Temperatures to stay low but dry weather predicted

900 homes in Northern Ireland still without electricity

The wind turbine which was blown over near Ardara, Co. Donegal, at the weekend.

The wind turbine which was blown over near Ardara, Co. Donegal, at the weekend.


Temperatures will stay low this week but conditions will be dry, Met Éireann has said. Average temperatures will be around three degrees, though the wind chill effect will bring it down to below zero, highly abnormal for this time of year.

Northern parts of Ireland are still the worst affected with wind and snow affecting commuters and efforts to repair damaged electricity connections. A wind turbine near Ardara, Co Donegal, fell down during the bad weather.

Around 900 homes are still without electricity mainly in rural and exposed areas where repair teams and having difficulties accessing affect spots, Northern Ireland Electricity said. The areas include the Ballyvoy area of Ballycastle, areas around Ligoneill, Hannahstown, Stoneyford, Dundrod and Mallusk, Ballyward, Castlewellan and Newcastle, Broughshane, rural areas north of Carrickfergus and Crumlin. Over 140,000 homes were affected by the weather since last Thursday, Northern Ireland Electricity added.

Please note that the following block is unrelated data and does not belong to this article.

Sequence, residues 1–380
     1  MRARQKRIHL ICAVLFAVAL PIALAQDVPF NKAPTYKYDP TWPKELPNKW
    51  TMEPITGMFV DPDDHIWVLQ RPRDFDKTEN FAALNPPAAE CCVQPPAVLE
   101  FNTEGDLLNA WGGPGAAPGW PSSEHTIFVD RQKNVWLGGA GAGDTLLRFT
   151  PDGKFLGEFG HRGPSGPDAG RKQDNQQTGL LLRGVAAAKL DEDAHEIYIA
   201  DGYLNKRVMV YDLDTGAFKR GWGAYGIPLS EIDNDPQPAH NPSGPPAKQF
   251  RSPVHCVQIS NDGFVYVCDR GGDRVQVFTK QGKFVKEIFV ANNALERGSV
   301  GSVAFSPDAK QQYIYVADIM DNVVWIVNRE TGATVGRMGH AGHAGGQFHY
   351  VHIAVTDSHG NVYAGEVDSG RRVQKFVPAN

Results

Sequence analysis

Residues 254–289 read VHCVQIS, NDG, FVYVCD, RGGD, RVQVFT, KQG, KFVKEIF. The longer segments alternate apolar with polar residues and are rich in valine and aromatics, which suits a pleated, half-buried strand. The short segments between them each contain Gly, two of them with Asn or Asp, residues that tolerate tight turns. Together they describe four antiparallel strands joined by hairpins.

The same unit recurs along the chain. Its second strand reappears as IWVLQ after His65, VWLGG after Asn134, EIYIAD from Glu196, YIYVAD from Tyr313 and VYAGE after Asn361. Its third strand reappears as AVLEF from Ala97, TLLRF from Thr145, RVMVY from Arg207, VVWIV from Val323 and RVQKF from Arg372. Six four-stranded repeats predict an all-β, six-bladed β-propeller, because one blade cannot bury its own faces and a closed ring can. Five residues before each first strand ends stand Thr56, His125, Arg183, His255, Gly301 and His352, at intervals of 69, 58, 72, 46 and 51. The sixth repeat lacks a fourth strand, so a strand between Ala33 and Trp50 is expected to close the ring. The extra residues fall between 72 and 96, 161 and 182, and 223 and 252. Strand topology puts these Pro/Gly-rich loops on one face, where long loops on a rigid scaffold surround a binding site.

On Saturday 35,000 homes were without electricity in Northern Ireland and by yesterday the number affected was down to 7,000. Up to 1,000 homes were without water but Northern Ireland Water said that by yesterday supply was restored to most customers.

Electricity repair crews were assisted by personnel from the Republic and Scotland as they battled through heavy snow and winds to carry out repairs.

Several agencies such as the PSNI, the ambulance and fire services, mountain rescue, local councils, health providers, the Red Cross, RAF and volunteers were involved in assisting vulnerable people who were isolated by the heavy snow. The RAF sent a Sea King helicopter from Wales with a military mountain rescue team on board to assist rescue operations.

Teagasc urged farmers who were having difficulties in feeding animals indoors to contact them. Banks may also be willing to offer short-term loans,it added.

The southwest of the country is getting the highest temperatures with six degrees predicted today for parts of Munster.

Last Easter temperatures reached up to 20 degrees. The average temperature over gauged over a 30-year period for March was 7 degrees, according to Met Éireann.